This bracing – regardless of the width of the feet – will exert more pressure on the shoe. So what you need is a shoe with solid construction: durable materials and quality stitching, so your shoes can last you longer and be worth the investment.
3. A Raised Heel
A slightly raised heel helps your posture and helps you squat deeper. Many lifting shoes will come with a raised heel and even top competitors use these shoes.
4. Supportive Straps
I like shoes with strap support simply because I know being laced into a pair alone will not keep my feet in place for power moves. For squats specifically, I want a shoe that will hold everything in place while I grip down with my heels and toes.
The best squat shoes for wide feet will have that extra strap support. This will not only structurally brace your feet’s movement but also allow you to adjust your shoe to be as tight or loose as you want it to be.
5. Thin Midsole
As I’ve mentioned, a slight heel-to-toe drop is desirable. This also means that your squatting shoe should not be cushioned around the middle. Instead, the midsole will be thin, while the heel may be denser, and non-compressible.
6. Rigid Heel
The heel of your shoe should be rigid and non-compressible, allowing you to get the most floor-to-foot transmission of power.
7. Grippy Outsole
Your squat shoe’s outsole has to be made with sturdy materials and constructed to allow you to grip down as solidly as possible. The outsole’s grip ensures you can lift without slipping and hurting yourself.
Importance of Feet in Squats
Our feet complement the movement of our bodies. So, while it would be awesome if we could all assume a neutral arch when squatting, it might not always happen that way.
As you work on your squatting posture, you will find sometimes that you may be leaning in a little, or leaning out just a jot. Both positions tend to take away from this neutral arch, thereby reducing the efficiency or effects of our squats.
What you want while squatting is to ground down through your heel, big toe, and base of your pinkie toe. This is of course the tripod position I mentioned earlier. You also want to maintain the natural arch of your foot: no flattening or over-arching.
As you squat, you will notice how your feet drive your squat – and this is where the assistance of a good squat shoe comes in. From lifting your heel a bit too securely strapping your foot in, a squat shoe takes you a few steps closer to the position your feet should ideally be in.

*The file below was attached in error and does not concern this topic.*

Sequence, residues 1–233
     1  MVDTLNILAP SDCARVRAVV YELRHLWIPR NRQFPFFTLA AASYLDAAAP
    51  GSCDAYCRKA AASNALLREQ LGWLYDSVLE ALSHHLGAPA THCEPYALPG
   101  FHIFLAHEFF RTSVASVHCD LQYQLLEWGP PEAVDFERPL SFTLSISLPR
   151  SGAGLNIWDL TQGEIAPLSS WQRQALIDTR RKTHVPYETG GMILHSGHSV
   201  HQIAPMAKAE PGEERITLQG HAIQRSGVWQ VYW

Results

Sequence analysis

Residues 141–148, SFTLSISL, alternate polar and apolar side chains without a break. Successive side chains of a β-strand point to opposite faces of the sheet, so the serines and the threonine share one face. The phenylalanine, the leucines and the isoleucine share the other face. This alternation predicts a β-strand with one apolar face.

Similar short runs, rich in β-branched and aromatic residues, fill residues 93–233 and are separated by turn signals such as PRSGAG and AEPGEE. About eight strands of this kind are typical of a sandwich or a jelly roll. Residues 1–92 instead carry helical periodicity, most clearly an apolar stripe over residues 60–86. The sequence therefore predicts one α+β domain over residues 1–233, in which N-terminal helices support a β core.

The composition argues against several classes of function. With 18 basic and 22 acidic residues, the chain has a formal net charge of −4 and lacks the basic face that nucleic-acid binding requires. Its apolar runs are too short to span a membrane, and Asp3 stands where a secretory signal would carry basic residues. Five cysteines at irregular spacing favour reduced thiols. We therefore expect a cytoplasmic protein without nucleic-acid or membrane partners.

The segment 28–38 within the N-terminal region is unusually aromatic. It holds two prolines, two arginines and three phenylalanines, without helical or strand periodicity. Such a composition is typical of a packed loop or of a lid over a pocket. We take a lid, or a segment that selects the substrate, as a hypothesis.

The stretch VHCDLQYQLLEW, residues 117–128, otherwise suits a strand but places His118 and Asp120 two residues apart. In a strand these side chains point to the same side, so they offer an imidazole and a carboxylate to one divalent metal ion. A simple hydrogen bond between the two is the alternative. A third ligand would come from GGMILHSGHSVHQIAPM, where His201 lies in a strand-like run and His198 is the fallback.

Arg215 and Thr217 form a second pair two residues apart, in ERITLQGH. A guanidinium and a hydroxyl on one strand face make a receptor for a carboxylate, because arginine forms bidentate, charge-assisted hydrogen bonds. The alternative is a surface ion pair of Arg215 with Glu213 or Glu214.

You will especially notice the benefits while your foot is in tripod position, as the shoe will support the stance, as well as protect your feet as you drive down.
Read more about 11 Best Front Squat Alternatives (+ How To Videos)
Heel or Flat Shoes for Squat If You Have Wide Feet
There are a few things other than just the width of your feet to consider if you are choosing between heeled and flat shoes for your squats.
First, examine your femur length. If it is longer than your torso or tibia, you will tend to lean in while squatting. Here, I would recommend a heeled shoe, to improve your posture, allowing you to straighten your back and squat more deeply.
Similarly, if your ankles’ range of movement is not great, you will benefit from a heeled shoe which will allow for deeper squats.
Your stance – If regular and hip-width, will work well with heeled shoes. So, wider stances benefit more from flat shoes.
In fact, high-bar squatting styles require you to be upright and require higher dorsiflexion, which necessitates wearing a heeled shoe. Low-bar squats can be performed in heeled or flat shoes, so examine the other variables to see what would work best for you.
Frequently Asked Questions
I believe very strongly that you need to be as safe and comfortable as possible while you are powerlifting, and squatting is no different. Your feet really come into play as you squat, and I would highly recommend wearing shoes for squats while you do so. The shoes will protect your toes and heel from chafing and injury. For wider feet, this comes with the added concern of a narrow toe box restricting movement or causing injury or pain over time.
So, when you are picking squat shoes, and have wide feet, carefully check out sizing charts and figure out which size would serve you best.
I’d recommend Do-Win Weightlifting Shoes. I like the Do-Wins for their wide toe box, and lightweight comfort, and would recommend them to anyone in a heartbeat.
Your feet play a super important role in any powerlifting moves you practice. Shoes help us to protect them from external injuries, as well as from additional strain. If you have wide feet, you should look for, and invest in a pair of squat shoes that cater to them, so you are as comfortable as possible while squatting, without really risking injury or compromising your practice.